Pakistan banned the Taliban on Monday, toughening its stance after the Islamic militant group claimed responsibility for deadly homicide bombings against one of Pakistan's most sensitive military installations.

The ban imposed by the fragile governing coalition comes just a week after the ouster of Pervez Musharraf, a key U.S. ally whose departure has prompted concern that the nuclear-armed country is too unstable to beat back extremists.

Anyone caught aiding the Taliban in Pakistan — which will have its bank accounts and assets frozen — faces up to 10 years in prison.

The Interior Ministry announced the ban 24 hours after rejecting a Taliban cease-fire offer in Bajur tribal region, a rumored hiding place for Usama bin Laden, where an army offensive has reportedly killed hundreds in recent weeks.

Another 200,000 people are said to have fled their homes.

"This organization is a terrorist organization and created mayhem against public life," said ministry chief Rehman Malik.

The Tehrik-e-Taliban Pakistan, an umbrella group of militants along the rugged Afghan border set up last year, has claimed responsibility for a wave of homicide bombings that have killed hundreds since the fragile civilian government took power some five months ago.

The deadliest attack, a spectacular twin homicide bombing at one of Pakistan's largest and most sensitive military installations, just 20 miles from the capital, left 67 dead on Thursday, almost all of them civilians.

"I think at the moment they definitely have the upper hand, and we need to do something better," Asif Ali Zardari, leader of the Pakistan People's Party, which has the largest bloc in Parliament, told the British Broadcasting Corp. shortly before the ban was announced.

Whatever the world, Pakistan included, has done in the last 10 years to fight terrorism, the presidential hopeful said, "it's not working."

Malik said the Taliban group was not banned more quickly because the provincial government had been trying to negotiate with it to secure peace. The restrictions would include offering financial aid, handing out propaganda or providing any other type of support.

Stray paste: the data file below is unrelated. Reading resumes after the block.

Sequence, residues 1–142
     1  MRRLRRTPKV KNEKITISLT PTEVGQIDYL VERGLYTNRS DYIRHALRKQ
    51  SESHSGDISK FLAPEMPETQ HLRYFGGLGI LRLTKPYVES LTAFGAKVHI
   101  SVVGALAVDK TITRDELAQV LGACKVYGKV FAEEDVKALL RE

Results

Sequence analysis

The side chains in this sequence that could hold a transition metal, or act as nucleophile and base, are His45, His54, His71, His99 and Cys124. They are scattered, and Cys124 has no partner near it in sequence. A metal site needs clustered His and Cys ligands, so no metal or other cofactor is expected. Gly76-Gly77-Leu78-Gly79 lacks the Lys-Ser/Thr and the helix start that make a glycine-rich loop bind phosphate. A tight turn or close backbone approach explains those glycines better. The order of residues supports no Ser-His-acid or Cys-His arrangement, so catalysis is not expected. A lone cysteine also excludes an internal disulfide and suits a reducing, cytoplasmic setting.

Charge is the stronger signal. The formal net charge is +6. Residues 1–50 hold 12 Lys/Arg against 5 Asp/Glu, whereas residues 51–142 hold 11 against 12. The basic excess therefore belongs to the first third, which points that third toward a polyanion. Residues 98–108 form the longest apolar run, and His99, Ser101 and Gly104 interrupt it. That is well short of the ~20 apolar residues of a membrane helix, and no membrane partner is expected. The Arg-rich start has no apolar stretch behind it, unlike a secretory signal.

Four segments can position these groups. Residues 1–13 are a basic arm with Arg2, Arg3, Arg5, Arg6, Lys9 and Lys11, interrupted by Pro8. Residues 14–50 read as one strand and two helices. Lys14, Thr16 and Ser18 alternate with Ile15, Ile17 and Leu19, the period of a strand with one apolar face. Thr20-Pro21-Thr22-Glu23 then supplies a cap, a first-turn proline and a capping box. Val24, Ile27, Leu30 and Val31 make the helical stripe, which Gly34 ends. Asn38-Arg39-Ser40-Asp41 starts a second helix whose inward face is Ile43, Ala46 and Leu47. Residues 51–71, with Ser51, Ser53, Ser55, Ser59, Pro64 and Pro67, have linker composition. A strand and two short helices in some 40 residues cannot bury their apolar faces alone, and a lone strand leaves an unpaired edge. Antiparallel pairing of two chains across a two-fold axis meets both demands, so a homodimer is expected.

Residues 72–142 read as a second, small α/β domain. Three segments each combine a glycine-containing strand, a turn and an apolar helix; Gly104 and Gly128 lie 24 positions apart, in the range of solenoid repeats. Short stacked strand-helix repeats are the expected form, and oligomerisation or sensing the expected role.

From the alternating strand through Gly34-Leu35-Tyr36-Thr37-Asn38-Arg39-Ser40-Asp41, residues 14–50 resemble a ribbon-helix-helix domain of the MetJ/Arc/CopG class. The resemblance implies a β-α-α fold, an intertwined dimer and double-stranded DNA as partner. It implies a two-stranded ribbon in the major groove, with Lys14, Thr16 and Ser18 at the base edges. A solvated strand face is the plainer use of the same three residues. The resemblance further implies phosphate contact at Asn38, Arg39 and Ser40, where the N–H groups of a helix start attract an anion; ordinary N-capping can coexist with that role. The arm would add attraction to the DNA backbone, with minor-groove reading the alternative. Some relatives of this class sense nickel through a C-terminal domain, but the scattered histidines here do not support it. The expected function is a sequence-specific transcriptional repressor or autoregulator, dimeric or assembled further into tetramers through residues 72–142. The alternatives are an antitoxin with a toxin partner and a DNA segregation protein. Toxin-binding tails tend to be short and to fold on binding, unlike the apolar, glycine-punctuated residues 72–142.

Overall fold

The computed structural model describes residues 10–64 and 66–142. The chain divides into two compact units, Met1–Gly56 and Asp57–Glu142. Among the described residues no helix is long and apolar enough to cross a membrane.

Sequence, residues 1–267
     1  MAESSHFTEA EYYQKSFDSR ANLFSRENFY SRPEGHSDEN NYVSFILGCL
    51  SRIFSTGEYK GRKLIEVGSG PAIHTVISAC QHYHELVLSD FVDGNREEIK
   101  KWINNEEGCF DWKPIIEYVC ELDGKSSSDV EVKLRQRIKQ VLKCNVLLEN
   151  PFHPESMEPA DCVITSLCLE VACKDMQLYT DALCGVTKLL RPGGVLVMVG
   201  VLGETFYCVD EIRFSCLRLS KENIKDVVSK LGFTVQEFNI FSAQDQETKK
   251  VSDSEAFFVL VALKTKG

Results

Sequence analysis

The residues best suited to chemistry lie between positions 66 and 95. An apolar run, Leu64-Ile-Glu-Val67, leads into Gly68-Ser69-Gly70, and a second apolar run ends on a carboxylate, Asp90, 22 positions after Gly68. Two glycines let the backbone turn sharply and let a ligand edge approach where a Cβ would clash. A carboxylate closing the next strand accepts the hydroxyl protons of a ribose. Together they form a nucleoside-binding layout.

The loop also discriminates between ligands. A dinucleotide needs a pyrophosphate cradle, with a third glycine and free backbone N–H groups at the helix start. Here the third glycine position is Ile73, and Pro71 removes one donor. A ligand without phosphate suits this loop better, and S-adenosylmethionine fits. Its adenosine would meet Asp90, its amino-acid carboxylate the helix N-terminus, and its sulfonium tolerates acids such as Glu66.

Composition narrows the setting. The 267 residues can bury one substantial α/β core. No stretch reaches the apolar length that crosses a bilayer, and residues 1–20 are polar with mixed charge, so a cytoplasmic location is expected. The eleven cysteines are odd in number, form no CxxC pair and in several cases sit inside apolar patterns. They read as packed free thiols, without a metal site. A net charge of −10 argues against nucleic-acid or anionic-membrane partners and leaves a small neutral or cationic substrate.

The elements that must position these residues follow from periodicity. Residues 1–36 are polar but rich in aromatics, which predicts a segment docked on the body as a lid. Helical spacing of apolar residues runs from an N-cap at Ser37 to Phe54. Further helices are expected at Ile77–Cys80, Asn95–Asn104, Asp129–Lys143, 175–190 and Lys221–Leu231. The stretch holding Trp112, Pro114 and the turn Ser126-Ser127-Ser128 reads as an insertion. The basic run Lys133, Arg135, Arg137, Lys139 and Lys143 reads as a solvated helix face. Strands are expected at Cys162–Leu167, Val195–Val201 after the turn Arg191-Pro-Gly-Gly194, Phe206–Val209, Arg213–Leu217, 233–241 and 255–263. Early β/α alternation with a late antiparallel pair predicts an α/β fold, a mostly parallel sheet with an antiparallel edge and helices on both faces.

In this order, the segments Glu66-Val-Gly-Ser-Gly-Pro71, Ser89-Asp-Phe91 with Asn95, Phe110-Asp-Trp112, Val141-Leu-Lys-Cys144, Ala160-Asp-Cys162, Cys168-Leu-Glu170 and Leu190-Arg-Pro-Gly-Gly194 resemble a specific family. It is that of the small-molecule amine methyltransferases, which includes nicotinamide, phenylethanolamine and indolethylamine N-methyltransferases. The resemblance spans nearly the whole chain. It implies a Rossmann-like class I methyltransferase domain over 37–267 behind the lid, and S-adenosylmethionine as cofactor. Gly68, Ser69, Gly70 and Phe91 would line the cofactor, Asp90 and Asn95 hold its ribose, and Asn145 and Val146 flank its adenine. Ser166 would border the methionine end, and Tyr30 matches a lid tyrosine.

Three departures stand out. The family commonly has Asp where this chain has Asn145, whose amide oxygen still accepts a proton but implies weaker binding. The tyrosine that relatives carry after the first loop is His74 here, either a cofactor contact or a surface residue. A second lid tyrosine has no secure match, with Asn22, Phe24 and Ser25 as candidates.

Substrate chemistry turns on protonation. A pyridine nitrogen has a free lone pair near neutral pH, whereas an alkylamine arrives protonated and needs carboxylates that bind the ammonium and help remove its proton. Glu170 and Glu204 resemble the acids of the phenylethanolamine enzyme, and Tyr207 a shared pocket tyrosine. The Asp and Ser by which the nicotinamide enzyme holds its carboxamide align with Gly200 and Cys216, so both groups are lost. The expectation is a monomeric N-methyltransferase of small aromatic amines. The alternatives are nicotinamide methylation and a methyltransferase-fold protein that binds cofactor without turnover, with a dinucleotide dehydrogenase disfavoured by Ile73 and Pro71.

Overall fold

The militants, meanwhile, called the ban "meaningless."

"We are neither registered nor do we have any bank accounts," said Muslim Khan, spokesman for the Tehrik-e-Taliban Pakistan, which has threatened to step up its campaign of violence nationwide unless the military ends its operations in Bajur. "We are slaves to no one."

Malik noted that, despite a peace deal struck with some insurgents in Swat, a former tourist destination-turned-battlefield, al-Qaida and Taliban-linked militants kept attacking security forces, burning schools and damaging public buildings.

Eight were killed in the latest violence Monday, a pre-dawn rocket-and-bomb strike on the home of provincial lawmaker Waqar Ahmed Khan in Swat, police and the politician said. His brother, two nephews and five guards were killed.

Separately, an armored vehicle believed to be going to NATO forces in Afghanistan was set ablaze by "miscreants" as it was being transported in the southern Pakistani city of Karachi, said Iqbal Mahmood, a police official.

Despite its hardening stance toward militants, Pakistan's government appears increasingly fragile. The People's Party was building alliances with smaller parties in Parliament in case its main junior partner, headed by former Prime Minister Nawaz Sharif, pulled out.

The two sides have been drifting apart over several key issues, including whether to slash the powers of the next president.